July 31, 2016
Each Sunday we present a notable item from our archives. This EPOD was originally published July 31, 2001.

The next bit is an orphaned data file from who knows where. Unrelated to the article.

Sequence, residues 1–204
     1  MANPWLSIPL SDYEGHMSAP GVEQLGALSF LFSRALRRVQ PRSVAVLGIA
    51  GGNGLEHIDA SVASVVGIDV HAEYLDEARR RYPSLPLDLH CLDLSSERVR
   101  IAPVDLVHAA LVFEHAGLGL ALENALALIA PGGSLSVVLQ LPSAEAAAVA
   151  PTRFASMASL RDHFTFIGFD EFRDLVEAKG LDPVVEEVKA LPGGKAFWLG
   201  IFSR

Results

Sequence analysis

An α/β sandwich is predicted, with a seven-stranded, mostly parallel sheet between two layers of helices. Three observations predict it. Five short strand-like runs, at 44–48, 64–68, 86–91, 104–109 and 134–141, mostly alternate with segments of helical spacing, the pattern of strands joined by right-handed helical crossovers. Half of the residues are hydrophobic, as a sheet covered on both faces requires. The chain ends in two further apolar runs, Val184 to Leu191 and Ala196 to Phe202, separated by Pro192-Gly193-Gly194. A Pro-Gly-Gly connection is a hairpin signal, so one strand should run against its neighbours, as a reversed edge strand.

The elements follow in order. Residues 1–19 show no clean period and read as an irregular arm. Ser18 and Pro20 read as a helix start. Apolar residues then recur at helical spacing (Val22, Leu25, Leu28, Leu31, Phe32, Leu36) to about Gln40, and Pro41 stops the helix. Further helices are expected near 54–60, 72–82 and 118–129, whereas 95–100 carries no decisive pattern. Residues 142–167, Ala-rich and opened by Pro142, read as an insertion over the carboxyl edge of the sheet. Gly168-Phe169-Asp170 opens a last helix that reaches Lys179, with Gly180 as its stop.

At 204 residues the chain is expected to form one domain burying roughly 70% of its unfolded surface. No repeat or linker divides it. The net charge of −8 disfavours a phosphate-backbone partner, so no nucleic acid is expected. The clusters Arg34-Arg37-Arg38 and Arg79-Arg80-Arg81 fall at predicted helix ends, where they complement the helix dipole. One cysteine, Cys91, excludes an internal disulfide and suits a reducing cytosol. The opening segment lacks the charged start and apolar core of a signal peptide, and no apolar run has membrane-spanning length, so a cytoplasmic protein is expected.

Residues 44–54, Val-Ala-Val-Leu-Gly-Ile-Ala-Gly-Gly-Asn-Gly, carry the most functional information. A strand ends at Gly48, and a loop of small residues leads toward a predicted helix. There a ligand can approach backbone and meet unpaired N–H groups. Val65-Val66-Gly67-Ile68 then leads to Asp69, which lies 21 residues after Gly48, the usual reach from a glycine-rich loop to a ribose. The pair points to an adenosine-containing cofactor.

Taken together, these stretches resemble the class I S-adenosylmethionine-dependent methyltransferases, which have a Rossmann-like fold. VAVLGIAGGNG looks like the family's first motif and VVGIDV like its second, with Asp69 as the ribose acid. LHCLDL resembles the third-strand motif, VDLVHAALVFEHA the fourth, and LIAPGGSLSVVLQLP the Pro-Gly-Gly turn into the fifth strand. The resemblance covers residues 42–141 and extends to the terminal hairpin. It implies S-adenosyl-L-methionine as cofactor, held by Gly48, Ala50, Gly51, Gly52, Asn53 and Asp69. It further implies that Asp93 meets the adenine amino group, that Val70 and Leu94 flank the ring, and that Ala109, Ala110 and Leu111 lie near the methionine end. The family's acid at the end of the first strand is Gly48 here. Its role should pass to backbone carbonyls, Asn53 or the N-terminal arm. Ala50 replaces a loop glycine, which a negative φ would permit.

Imagine the work it would have taken a hundred years ago to generate this map of the eastern flank of the Andes in Argentina near San Martin de Los Andes with the detail and accuracy of the image shown above. Not an artist's or cartographer's rendering, this colorful image was created entirely from data collected by the Shuttle Radar Topography Mission (SRTM) flown in February 2000. Two visualization methods were combined to produce this image: shading and color coding of topographic height. The shade image was derived by computing topographic slope in the north-south direction. Northern slopes appear bright and southern slopes appear dark, as would be the case at noon at this latitude in the southern hemisphere. Color coding is directly related to topographic height, with green at the lower elevations, rising through yellow, red and magenta to white at the highest elevations. The result is a colorful and easy to grasp map of this part of the world, showing eroded peaks on the left, smooth lava plateaus and signs of recent volcanic activity with a dimpled cone and surrounding flow field in the center. North is to the top of the image which covers 57.6 x 40.5 kilometers on the surface. SRTM mapped most of the Earth's land surface in this way, promising a global topographic map of unprecedented consistency and accuracy.
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